Wednesday, January 26, 2011
Last year was a good year. We shot 2 shorts that each played in festivals, prepped another short which we filmed in early Jan '11, and shot a commercial for local tv. Our goal every year is to top the previous year's accomplishments and to go further with this mad passion.
2011 is shaping up to be a good one! "Blood Therapy" is set to screen at the Oxford Film Fest on February 11th, and our latest project, "Suffering Fools" is in post-production now. Plus, we've got some very cool new things planned that guess what.... I can't spoil yet! I will give one hint: We are working on ways to get our movies to more people. We are honored that people have asked for this.
As for more movies.... We've got some projects in the works that we cannot wait to reveal. From teaming up with some film friends to making our own movies, we are really excited about the stories we get to tell in 2011!
Which brings me to an important point. We want to take a moment to say "thank you" to all those who have helped us over the past 3 1/2 years (wow, has it been that long?). We could not do this without our awesome Cinegore cast and crew, and are very appreciative of their hard work and enthusiasm. Your enthusiasm and excitement make filmmaking fun!
Break out the ear buds baby, because ours goes to '11!!!!!
Friday, January 21, 2011
While writing my current feature script I am also watching movies that take place in one location. Hey, when I get to use the excuse of "research" to watch MORE movies, you better believe I'll take it! Last night I watched Alfred Hitchcock's gem, "Rope". Now, if you don't know anything about this movie, stop right here and either go read about how it was shot, or rent it. Better yet, do both.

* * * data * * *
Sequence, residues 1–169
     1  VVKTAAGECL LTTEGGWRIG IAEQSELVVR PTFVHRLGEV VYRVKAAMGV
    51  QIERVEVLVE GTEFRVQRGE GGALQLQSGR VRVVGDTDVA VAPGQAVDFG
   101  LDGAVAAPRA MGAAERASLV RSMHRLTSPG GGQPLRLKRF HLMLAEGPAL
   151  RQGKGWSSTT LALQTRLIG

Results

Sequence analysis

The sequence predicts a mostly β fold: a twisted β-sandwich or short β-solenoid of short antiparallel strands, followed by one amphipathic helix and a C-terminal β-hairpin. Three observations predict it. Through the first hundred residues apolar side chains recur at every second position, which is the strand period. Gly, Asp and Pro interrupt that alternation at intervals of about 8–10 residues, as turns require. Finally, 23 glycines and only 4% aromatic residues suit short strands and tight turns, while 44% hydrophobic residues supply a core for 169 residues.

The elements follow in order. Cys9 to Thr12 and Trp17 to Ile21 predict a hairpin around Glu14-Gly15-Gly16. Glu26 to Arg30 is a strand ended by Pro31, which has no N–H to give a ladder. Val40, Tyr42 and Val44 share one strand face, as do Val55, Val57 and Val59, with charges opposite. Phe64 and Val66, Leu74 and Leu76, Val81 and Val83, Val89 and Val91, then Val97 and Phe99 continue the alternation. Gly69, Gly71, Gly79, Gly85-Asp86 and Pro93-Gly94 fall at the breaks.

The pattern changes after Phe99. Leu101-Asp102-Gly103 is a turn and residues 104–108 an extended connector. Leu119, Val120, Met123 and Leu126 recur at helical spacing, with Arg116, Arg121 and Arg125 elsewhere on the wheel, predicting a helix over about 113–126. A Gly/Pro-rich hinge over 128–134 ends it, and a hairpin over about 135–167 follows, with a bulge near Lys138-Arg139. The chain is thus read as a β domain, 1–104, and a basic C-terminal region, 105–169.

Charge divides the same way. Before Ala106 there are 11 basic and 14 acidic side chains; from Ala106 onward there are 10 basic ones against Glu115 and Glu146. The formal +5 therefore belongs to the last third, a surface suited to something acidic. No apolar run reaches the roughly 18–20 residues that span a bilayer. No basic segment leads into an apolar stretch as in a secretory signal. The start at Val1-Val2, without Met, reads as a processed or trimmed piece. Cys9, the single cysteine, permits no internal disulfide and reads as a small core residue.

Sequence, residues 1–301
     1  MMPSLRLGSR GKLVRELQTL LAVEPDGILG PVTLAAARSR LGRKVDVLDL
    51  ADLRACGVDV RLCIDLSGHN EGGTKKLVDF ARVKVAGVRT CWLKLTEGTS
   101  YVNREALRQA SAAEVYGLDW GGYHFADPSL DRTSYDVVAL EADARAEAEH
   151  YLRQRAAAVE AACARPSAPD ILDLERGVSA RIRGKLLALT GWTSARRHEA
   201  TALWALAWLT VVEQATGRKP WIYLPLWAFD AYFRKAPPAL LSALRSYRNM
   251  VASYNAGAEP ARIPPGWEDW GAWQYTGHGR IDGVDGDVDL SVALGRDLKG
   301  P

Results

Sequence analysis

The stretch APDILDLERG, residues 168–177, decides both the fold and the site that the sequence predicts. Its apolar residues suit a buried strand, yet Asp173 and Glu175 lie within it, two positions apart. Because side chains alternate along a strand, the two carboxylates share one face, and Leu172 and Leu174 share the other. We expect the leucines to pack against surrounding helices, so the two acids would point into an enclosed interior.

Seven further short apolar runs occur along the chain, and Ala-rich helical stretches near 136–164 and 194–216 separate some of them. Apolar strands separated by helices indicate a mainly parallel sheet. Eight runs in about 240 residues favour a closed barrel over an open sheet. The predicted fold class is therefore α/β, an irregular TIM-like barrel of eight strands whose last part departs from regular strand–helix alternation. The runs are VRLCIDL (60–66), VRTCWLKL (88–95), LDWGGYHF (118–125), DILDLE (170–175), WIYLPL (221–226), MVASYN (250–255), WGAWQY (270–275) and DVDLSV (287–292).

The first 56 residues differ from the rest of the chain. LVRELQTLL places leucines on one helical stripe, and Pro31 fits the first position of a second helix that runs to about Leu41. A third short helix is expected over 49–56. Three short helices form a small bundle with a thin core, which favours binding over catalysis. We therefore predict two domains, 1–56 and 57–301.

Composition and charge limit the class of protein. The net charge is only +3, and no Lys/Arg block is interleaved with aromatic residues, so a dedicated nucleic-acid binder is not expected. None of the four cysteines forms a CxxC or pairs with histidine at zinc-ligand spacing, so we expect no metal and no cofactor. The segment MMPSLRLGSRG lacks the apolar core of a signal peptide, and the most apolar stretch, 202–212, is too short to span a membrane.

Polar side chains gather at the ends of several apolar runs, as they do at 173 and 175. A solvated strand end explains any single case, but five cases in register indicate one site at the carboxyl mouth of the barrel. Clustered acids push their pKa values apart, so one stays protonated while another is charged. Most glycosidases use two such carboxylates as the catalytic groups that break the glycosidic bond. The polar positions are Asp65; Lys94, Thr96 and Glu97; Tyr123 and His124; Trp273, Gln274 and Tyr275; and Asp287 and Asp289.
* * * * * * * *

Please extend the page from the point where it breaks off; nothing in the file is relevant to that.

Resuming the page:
"Rope" is a remarkable piece of cinema. "Rope" was originally a stage play, and when Hitchcock decided to adapt it, he was adamant about making his film "look" like it was unfolding just like a play would - in real time and as one single continuous shot. While dialog heavy (like a play), it is quite engaging thanks to the remarkable cast.
But the real beauty comes in how it was filmed - how the filmmakers pulled off this "continuous shot". Sir Alfred employed a mobile camera setup that would allow it to freely follow the action on a studio set. Since a reel of film only holds 10 minutes of footage, Hitchcock hid his cuts by pushing in on the darkness of an actor's back or furniture in order to mask any cuts. I can only imagine what pre-production planning was like!
This unique approach to photographing movies isn't very efficient by traditional standards, but I think it's important as a filmmaker to study different techniques. I employed the traditional "coverage" shooting for my first 3 shorts with fairly short takes, but I hope to move into more lengthy shots in my first feature. Longer shots, while requiring extra rehearsal and time, add to the overall cinematic feel to movies. "Rope" is an excellent reference tool for any filmmaker.